Answers to AGM Questions Raised by the COVID-19 Pandemic

Skadden Publication

George Knighton Ani Kusheva Danny Tricot Adam M. Howard

U.K. public companies preparing for this year’s annual general meeting (AGM) season are facing a number of unprecedented challenges caused by the COVID-19 pandemic, as they seek to comply with their legal obligations while protecting shareholders’ rights and ensuring their safety. In an announcement on 23 March 2020, Prime Minister Boris Johnson imposed unprecedented restrictions on public gatherings and travel in the U.K. in an effort to curtail the spread of the coronavirus. The government’s lack of guidance on how companies should seek to satisfy their obligations relating to AGMs in these circumstances adds further uncertainty to an already complex situation.

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While it is yet early days in a rapidly developing situation, the emerging trend, based on company announcements made in the wake of Prime Minister Johnson's announcement, appears to be that many U.K. public companies are proceeding to hold their AGMs where possible so that necessary business can be conducted, while also taking some combination of the following steps to account for the government’s restrictions on travel and the size of public gatherings:

  • limiting attendance at the meeting to the bare minimum necessary to satisfy the company’s quorum requirements;
  • changing the location of the meeting or providing for additional meeting places where proxy holders are located, in order to ensure no more than one shareholder or proxy holder will be in the same place, while satisfying the company’s quorum requirements;
  • strongly discouraging shareholders from attending the AGM and strongly encouraging them to vote via proxy;
  • limiting the AGM to the formal business of the meeting and dispensing with corporate presentations, Q&As and refreshments;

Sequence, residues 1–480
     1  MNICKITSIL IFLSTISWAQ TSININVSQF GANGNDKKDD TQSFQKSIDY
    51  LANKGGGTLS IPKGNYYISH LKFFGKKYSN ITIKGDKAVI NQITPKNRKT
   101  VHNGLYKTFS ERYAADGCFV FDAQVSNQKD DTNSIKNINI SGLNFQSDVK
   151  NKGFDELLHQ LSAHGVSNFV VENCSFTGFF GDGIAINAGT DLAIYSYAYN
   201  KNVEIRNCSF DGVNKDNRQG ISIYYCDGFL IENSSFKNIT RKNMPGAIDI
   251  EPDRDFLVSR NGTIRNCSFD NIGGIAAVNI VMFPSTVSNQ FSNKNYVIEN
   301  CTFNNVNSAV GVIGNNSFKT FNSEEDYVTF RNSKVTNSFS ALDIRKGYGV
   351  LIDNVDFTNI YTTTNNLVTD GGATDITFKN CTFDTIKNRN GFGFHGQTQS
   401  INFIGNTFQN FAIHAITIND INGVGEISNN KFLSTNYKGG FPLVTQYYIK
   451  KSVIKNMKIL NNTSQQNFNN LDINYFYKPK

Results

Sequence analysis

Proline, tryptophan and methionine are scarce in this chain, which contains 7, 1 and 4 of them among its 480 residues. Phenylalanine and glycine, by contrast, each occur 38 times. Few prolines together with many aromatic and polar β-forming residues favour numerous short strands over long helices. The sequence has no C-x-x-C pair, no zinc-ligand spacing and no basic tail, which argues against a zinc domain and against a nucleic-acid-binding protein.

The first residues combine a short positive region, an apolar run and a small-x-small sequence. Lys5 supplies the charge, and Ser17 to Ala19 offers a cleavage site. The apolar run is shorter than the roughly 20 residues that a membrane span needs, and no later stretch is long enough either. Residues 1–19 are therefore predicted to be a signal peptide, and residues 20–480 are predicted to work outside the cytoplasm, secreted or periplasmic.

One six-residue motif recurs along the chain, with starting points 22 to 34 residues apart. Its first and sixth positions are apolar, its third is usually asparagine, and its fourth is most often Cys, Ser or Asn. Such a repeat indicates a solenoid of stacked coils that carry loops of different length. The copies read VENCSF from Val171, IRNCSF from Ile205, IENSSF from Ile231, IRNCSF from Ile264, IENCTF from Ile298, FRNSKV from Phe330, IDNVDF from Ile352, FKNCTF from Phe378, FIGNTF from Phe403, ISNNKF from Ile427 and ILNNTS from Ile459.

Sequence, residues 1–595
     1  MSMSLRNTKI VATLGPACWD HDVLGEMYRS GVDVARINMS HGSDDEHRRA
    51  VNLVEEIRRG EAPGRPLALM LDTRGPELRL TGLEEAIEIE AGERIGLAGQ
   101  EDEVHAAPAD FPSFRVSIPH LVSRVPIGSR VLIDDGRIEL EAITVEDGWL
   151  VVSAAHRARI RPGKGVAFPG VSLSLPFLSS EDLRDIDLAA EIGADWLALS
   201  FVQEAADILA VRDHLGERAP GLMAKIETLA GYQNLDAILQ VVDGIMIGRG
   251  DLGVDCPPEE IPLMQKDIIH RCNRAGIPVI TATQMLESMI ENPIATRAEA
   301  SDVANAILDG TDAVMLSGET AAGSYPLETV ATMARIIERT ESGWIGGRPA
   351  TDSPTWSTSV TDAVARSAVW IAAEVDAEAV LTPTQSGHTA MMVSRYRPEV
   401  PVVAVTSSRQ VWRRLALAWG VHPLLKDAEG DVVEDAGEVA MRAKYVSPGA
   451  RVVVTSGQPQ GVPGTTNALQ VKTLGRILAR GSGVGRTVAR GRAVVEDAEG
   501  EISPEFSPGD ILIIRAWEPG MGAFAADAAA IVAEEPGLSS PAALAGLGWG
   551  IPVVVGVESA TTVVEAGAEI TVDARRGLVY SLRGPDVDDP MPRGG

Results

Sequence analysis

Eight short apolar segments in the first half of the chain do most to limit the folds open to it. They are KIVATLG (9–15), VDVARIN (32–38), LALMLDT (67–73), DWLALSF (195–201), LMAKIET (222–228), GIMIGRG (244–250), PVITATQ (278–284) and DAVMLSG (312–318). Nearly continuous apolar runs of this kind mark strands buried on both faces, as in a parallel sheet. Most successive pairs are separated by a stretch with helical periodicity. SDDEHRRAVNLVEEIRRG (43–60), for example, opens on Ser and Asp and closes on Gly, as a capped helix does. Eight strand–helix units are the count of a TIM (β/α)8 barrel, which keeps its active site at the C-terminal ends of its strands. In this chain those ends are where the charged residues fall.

• allowing shareholders to view meetings by livestreams or webcasts;
  • restricting attendance of directors and nonshareholder employees and warning shareholders that there will be no board interaction at the meeting;
  • limiting or prohibiting attendance by professional advisers;
  • introducing mechanisms for shareholders to submit questions in advance or via telephone or electronic means, the answers to which may be posted on the company’s website after the AGM (although this may not be practical for larger companies); and
  • notifying shareholders of the need to monitor the company’s website for further updates regarding any alternative arrangements.

During the current situation, you should consider establishing a separate section of your website dedicated to responding to shareholder queries regarding COVID-19, including arrangements that are being made in relation to your AGM.

In addition, in light of the current public health emergency, other jurisdictions such as Luxembourg have recently introduced temporary measures to allow companies to hold shareholder meetings without participants attending in person. It is possible that the U.K. government may introduce legislation or issue ministerial guidance having similar effect. You should remain closely attuned to any such developments, which may impact arrangements for your AGM.

The Q&A below answers some of the key questions being asked by U.K. public companies in the course of their contingency planning. The Q&A is based on the requirements of the Companies Act 2006 and the provisions found in a typical set of articles of association for a U.K. public company; however each set of articles is different and may contain different requirements; you should review your articles carefully.

1. We have not yet sent the notice of our AGM, what is the deadline for sending the notice and holding the meeting?

You must give at least 21 clear days’ notice of your AGM, although best practice guidance for premium-listed companies suggests giving 20 working days’ notice. Deemed delivery dates in your articles should be factored into the timeline. In the absence of any express provision in your articles, the deemed delivery rules under the Companies Act 2006 apply (generally 48 hours after the notice was sent). Confirm with your registrar whether it is able to provide its normal services and, if so, the time required for posting the AGM notice and accompanying documents, in order to incorporate this into the timeline.